Protest

It isn’t often that this blog gets the chance to report on events of national significance, but I thought I must have been in with a chance today.

When I came out of the tube station in the morning there was an impressive array of muscular coppers lined up outside the University opposite.  Some of the offices built in the fashionable largely plate-glass style had covered their nether regions in hardboard, as if expecting some kind of assault.

 Throughout the day, whenever I popped out for a fag, preparations were clearly being made for the arrival of something monstrous and ghastly – perhaps Genghis Khan and his Hordes, or at least a decent-sized football crowd. 

Roads were being closed off, squads of police – half Hoplite, half American footballer – emerged from the police station, as did detachments of cavalry.  Plain-clothes men (middle market leisure wear and sensible haircuts) sauntered out to assume their positions.

As the afternoon progressed, if you assumed a high vantage point, you could see the hoplites gathering in alleyways, stamping their feet and touching gloves (as we say in the world of cricket).  Overhead, helicopters hovered low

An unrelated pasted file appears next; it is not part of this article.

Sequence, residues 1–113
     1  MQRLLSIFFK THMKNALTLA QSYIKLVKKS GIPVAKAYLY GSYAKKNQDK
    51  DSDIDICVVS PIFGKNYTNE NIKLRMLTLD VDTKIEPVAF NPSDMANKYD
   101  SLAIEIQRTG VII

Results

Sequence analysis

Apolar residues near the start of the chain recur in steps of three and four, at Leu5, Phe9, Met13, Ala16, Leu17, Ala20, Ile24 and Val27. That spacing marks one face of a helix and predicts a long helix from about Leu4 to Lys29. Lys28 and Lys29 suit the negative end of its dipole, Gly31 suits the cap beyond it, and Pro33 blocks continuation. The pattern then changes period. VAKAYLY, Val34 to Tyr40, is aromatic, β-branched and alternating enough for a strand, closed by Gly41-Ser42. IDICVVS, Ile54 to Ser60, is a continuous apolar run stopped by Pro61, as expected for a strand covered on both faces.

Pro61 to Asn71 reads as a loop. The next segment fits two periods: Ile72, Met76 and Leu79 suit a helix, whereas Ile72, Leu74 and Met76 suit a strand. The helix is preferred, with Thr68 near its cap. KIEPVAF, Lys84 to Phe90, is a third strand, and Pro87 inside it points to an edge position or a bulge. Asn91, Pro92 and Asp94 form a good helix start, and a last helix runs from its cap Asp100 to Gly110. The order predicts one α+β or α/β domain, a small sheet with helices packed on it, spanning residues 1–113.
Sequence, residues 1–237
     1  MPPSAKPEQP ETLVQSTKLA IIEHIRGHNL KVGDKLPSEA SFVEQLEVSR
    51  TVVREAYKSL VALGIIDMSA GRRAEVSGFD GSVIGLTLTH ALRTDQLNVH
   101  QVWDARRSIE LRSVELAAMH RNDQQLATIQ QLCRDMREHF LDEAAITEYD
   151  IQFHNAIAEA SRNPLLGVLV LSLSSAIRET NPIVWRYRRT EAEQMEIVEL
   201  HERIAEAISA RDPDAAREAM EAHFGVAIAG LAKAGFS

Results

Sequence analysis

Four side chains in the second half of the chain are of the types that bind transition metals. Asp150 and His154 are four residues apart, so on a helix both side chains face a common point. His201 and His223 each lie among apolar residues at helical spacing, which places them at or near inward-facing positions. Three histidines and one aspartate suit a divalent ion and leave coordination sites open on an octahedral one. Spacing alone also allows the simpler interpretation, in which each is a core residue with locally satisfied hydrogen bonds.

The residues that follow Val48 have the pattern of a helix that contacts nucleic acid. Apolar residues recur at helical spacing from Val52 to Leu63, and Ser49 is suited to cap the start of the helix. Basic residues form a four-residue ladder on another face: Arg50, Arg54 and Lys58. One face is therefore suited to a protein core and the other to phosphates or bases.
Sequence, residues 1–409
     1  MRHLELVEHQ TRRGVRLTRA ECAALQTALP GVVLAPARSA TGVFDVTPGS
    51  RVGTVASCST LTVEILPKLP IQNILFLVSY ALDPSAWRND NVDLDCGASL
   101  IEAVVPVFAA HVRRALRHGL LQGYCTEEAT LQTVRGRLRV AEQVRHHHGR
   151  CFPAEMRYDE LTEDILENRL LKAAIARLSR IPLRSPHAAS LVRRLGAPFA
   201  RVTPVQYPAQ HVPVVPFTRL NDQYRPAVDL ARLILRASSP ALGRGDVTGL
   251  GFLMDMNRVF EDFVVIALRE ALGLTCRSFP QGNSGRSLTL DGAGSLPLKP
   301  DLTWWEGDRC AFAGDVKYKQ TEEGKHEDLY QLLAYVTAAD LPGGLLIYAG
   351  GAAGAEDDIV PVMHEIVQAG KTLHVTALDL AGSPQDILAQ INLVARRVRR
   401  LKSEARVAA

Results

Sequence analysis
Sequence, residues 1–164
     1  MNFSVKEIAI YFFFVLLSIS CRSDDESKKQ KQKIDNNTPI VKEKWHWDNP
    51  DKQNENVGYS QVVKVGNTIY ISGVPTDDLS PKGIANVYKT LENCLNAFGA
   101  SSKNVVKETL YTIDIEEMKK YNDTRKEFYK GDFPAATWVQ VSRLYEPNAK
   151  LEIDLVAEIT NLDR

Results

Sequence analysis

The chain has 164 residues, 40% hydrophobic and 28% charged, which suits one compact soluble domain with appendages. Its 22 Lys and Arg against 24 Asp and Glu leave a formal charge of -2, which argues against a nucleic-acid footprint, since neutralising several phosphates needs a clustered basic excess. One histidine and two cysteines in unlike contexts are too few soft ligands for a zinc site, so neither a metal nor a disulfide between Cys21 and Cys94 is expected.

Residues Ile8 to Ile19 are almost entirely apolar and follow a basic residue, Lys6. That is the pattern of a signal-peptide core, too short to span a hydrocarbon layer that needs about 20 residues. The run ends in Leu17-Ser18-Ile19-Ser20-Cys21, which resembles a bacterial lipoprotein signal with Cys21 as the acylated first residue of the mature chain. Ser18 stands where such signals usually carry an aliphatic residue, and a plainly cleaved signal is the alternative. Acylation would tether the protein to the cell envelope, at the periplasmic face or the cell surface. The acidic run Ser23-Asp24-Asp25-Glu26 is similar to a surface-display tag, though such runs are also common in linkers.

I Love the Smell of Napalm in the Afternoon

 drowning conversation and pumping the adrenaline.

When I left work, I found my usual route to the station blocked by one of the detachments of cavalry (their high-visibility vests shining in the sunlight) – preparing to scatter the enemy if they regrouped outside J. Fox (the ex-umbrella repair shop)

When I had, by a circuitous route, made my way round to the station, I finally got to see this terrible horde that had presumably issued forth from the Gates of Mordor.  A long crocodile of children, essentially, looking slightly dazed, cowed and – I think – frankly glad it was all over, trailing hand-written cardboard signs in their wooly-mittened hands.

As a demonstration of who – ultimately – is really in charge, the whole thing was immensely impressive.  If you enjoy that kind of thing.

(This photograph appears to suggest that the marchers had just demolished part of Moorgate – but, in fact, it’s just part of the Crossrail Project.  The City is perfectly capable of demolishing itself.)

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